That’s because I bring a couple of now-perforated trash cans full of soaking wet newspaper, some old boots and a bunch of discarded clothing. Shooting into water or plain ballistic gelatin doesn’t tell too much about bullet performance after it has passed through real-world barriers. So I assemble a suitable range wardrobe.
Recently, I brought 1/2 of a fully stocked thrift store to the range to test the Winchester PDX1 Defender .38 Special +P 130 grain self-defense load.
This load is solid for .38 Special handguns, but also makes a good option for .357 revolvers. Some folks like to shoot .38 Special loads out of sturdier .357 revolvers for less recoil and wear and tear on the gun. Of course, the option is always there to load 357 Magnum cartridges whenever you like.
Considering that this load uses 130 grain projectiles, velocity was appropriate. I tested it from a Ruger LCR .357 Magnum revolver, which features a 1.875 inch barrel. That’s shorter than NY Governor Cuomo’s debate on the SAFE Act! Using a Shooting Chrony Beta Master Chronograph, I measured a bunch of shots with the chrony placed 15 feet down range. The average of the Winchester PDX1 Defender 130 grain load worked out to 903 feet per second. Not too shabby, and enough for pretty reliable expansion.
Winchester PDX1 Defender .38 Special +P Expansion Performance
I shot another pile of these bullets into a pretty tough target to get an indication of expansion performance. While anything will expand if you shoot it into ballistic gelatin, things start to get crazy when you shoot through real-life barriers like leather and fabric clothing. To put it to the test, I shot through two layers of leather and 4 layers of light canvas. Not counting anything hard that might get in the way, this starts to approach a worst case heavy clothing scenario.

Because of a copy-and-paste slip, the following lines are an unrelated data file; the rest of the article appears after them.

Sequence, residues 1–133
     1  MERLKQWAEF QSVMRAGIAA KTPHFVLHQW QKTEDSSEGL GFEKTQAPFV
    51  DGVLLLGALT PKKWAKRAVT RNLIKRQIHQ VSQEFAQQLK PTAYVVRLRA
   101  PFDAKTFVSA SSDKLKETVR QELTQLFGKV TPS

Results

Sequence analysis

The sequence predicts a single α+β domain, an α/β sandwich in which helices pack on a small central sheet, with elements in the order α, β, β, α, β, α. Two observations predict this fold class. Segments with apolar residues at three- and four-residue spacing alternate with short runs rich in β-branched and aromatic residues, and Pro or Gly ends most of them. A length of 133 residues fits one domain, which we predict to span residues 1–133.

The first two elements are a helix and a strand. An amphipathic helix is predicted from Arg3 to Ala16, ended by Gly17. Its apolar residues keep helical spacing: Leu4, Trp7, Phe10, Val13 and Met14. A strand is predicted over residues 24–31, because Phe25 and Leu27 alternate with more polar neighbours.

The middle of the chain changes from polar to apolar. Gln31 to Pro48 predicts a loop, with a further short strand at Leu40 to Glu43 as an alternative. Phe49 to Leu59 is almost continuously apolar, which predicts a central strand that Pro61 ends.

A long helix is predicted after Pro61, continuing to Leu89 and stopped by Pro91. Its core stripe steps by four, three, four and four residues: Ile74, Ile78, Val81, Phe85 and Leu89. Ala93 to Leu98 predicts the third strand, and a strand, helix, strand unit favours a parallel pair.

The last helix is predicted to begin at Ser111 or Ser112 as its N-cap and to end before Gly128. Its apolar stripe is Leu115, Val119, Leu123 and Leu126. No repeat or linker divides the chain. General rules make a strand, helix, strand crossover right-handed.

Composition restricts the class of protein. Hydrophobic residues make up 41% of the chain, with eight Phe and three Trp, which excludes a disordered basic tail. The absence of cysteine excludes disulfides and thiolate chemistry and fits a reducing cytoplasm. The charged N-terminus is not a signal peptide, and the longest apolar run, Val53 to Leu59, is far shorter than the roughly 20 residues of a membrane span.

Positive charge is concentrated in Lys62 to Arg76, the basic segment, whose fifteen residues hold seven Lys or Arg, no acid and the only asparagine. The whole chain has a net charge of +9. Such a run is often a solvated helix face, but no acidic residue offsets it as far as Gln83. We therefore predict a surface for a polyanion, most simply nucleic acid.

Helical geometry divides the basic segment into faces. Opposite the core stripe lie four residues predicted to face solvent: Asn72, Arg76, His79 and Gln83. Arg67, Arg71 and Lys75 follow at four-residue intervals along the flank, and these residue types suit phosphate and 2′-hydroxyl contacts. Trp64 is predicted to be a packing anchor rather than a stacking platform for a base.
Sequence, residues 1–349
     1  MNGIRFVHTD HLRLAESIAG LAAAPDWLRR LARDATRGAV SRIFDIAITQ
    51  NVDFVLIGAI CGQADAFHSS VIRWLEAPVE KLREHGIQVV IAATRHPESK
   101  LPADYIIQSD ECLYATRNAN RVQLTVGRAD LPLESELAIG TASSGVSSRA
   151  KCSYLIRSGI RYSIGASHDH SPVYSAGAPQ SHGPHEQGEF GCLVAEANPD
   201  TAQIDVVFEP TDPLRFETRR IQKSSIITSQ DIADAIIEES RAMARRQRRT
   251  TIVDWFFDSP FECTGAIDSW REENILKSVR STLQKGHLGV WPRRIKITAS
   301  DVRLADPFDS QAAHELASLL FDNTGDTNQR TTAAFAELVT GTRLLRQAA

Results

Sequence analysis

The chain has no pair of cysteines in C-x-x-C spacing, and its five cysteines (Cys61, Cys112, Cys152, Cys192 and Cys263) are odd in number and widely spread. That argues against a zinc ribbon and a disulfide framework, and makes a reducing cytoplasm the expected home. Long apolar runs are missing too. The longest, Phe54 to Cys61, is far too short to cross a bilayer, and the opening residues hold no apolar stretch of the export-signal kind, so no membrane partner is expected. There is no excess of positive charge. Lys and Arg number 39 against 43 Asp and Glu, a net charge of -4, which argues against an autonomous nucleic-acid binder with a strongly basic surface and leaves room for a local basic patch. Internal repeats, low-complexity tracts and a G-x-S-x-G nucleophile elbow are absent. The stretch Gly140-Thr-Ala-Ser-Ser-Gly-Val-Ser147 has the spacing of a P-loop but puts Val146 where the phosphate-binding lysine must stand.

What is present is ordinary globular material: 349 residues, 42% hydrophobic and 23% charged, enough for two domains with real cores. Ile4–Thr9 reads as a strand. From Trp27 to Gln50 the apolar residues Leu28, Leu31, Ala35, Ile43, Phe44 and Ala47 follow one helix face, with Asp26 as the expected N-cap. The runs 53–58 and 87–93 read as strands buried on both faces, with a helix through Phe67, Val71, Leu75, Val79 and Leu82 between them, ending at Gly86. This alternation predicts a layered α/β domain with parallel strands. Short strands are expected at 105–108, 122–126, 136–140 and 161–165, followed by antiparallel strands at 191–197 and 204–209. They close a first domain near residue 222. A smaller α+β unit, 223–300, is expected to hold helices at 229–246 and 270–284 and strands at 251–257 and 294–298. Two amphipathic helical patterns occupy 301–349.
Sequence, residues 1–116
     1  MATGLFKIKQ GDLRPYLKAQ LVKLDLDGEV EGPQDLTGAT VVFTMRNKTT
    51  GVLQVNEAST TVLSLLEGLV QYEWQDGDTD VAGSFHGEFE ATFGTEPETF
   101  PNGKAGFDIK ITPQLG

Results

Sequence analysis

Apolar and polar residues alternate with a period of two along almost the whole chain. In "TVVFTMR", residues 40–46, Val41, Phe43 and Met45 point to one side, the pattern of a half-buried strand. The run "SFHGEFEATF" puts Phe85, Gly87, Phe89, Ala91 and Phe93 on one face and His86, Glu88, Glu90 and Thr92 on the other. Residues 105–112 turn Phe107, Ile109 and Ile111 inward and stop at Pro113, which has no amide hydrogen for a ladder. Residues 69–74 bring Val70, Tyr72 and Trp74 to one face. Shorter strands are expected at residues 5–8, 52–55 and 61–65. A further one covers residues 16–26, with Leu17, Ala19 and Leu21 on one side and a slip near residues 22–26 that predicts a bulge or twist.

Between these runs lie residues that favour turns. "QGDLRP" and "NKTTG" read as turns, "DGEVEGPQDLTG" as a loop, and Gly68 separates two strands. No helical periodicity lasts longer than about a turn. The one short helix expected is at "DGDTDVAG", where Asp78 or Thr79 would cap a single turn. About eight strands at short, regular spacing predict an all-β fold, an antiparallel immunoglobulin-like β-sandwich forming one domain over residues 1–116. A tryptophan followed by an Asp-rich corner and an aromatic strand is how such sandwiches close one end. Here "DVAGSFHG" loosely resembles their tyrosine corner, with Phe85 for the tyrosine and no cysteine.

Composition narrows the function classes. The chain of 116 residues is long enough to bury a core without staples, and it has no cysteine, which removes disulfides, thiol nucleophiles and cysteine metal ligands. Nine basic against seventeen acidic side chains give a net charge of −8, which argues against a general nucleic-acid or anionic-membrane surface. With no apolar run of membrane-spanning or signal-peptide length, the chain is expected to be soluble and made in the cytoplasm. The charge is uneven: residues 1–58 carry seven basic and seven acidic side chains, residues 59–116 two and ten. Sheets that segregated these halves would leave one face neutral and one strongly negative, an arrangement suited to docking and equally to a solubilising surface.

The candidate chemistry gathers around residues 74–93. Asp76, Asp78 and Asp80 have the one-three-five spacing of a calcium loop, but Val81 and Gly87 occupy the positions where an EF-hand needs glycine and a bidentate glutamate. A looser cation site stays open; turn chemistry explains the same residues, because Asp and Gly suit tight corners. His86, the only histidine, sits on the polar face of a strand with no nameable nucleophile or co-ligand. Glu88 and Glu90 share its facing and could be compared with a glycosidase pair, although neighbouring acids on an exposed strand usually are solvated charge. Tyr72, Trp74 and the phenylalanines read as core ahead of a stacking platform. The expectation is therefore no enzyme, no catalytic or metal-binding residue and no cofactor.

I shot everything through the leather and canvas barrier into a deep container of wet pack. That’s a fancy word for soaking-wet newspaper. As you can see by the photo, most projectiles displayed good expansion. About 1/4 of the time, one would slip through with minimal or no expansion. That’s not a big surprise given .38 Special velocities out of a short-barrel revolver.
This was a good load. After testing thousands of self-defense rounds, in virtually all pistol calibers, I’ve become a big fan of bonded bullet designs. I’ve yet to encounter a quality bonded bullet that came apart while passing through a tough target. Like jacketed designs, expansion is always measured in probability, not certainty, but overall, bonded bullets have proven to be solid performers.
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